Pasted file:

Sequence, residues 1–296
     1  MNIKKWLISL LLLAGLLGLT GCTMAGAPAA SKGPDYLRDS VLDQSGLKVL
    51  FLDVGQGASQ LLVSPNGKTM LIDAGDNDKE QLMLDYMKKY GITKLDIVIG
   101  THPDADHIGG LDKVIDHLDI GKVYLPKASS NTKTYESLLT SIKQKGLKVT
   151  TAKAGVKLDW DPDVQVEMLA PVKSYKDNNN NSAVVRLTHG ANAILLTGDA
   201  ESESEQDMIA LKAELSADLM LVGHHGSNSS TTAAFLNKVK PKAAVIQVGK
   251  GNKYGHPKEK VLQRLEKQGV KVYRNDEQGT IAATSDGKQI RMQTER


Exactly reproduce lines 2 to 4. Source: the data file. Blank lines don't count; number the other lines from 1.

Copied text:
     1  MNIKKWLISL LLLAGLLGLT GCTMAGAPAA SKGPDYLRDS VLDQSGLKVL
    51  FLDVGQGASQ LLVSPNGKTM LIDAGDNDKE QLMLDYMKKY GITKLDIVIG
   101  THPDADHIGG LDKVIDHLDI GKVYLPKASS NTKTYESLLT SIKQKGLKVT